Health Benefits of Volunteer Work
Do you do volunteer work? If you do, then good for you! Many of us, perhaps even most of us, have thought about volunteering our time for needy people or needy causes. But, somehow, excuses and reasons always crop up. ‘Next time’, or ‘one day’, are typical thought processes.
Besides helping others who are in need, volunteerism also gives ourselves a big boost. And we’re not just talking emotionally or mentally, but in terms of physical health, too. The wise men are correct – when we give, we receive, too.
Study Says Volunteering Improves Health
by Reuben Chow
They say that when you give, you receive. How true is it, or is it just some airy statement championed without logic or reason? There is good news, health-wise, for frequent volunteers and givers – empirical evidence is mounting, it seems, in favor of the whole notion. In a study carried out at Purdue University, it was found that regular volunteers have better cardiovascular health as well as lower blood pressure than their non-volunteering counterparts. Significantly, they also had fewer signs of depression.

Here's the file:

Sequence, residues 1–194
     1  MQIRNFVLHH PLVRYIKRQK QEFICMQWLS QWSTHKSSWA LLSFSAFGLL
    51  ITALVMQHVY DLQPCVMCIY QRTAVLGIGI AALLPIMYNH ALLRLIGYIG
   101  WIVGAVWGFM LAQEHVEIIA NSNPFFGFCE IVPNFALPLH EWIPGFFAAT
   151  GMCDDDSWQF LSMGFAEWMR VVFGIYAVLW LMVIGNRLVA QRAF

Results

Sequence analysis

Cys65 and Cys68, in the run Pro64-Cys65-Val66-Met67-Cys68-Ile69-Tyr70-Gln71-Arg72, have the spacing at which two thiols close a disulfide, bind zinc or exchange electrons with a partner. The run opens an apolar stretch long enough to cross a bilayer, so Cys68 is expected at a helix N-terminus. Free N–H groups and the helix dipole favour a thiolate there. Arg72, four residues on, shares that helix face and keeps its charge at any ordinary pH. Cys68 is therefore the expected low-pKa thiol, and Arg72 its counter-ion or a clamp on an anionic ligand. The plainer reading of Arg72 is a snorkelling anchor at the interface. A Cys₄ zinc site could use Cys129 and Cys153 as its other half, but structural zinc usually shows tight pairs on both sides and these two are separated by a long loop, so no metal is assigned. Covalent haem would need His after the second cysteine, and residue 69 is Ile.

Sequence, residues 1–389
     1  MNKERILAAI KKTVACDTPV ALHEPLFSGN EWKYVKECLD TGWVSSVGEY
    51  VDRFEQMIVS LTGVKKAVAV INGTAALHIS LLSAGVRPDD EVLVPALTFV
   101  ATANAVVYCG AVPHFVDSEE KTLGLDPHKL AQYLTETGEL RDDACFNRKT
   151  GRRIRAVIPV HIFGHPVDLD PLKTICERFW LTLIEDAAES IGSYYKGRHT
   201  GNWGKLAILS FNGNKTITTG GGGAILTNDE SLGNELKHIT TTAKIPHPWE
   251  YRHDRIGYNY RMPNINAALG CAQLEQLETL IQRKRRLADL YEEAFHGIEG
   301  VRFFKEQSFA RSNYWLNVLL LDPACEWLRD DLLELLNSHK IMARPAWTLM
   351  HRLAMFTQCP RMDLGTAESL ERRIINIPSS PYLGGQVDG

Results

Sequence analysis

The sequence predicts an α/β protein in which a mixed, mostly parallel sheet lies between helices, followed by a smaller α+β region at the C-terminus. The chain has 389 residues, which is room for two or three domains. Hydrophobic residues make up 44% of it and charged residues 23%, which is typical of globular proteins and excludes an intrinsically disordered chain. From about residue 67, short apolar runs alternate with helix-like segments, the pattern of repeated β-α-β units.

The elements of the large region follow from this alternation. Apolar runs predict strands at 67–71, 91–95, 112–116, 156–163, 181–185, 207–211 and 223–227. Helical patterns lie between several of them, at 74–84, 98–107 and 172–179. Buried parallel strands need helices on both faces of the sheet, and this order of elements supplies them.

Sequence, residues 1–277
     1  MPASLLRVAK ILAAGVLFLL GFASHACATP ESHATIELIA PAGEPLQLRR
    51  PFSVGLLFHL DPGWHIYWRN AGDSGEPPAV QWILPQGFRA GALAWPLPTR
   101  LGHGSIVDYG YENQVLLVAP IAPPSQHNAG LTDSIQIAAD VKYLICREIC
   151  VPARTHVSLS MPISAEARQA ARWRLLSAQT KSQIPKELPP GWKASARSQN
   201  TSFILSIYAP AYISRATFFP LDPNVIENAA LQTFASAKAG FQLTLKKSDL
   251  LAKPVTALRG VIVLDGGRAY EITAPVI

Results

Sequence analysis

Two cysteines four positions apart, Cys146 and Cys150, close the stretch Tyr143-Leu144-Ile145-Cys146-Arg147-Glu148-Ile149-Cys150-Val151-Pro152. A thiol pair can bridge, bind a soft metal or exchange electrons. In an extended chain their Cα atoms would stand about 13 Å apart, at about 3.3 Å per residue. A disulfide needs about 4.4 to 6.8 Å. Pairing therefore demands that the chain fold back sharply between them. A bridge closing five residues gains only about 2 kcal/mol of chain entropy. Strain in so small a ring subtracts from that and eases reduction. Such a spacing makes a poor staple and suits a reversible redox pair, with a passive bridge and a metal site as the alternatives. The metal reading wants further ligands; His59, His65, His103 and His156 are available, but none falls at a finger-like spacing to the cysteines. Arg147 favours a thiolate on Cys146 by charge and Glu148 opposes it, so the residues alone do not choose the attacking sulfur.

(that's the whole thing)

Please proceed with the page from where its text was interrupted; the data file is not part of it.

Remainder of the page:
Older persons seem to benefit more
Led by Kenneth Ferraro, who is a sociology professor studying health and volunteering and the director of Purdue’s Center on Aging and the Life Course, the study also found that the health benefits were more pronounced in older persons – 65 years and above, as compared with those aged 45 to 64.
“The older adults who were engaged in regular volunteering had slower increases in physical disability, and they stayed independent and physically active for a longer period of time. We believe that social engagement is essential to their well-being,” said Dr Ferraro.
In the 8-year long study, the study team had looked at whether regular formal volunteering cumulatively impacted mental and physical health positively. This cumulative effect is a possible explanation why older and longer term volunteers experienced more benefits.
Or perhaps older persons, with reduced activity as they wind down on their careers and become physically less able, simply need the social interaction more than younger and still very much active persons. In any case, three things we can learn here are – volunteering is good for health, long-term volunteering is even better, and older persons benefit more from it.
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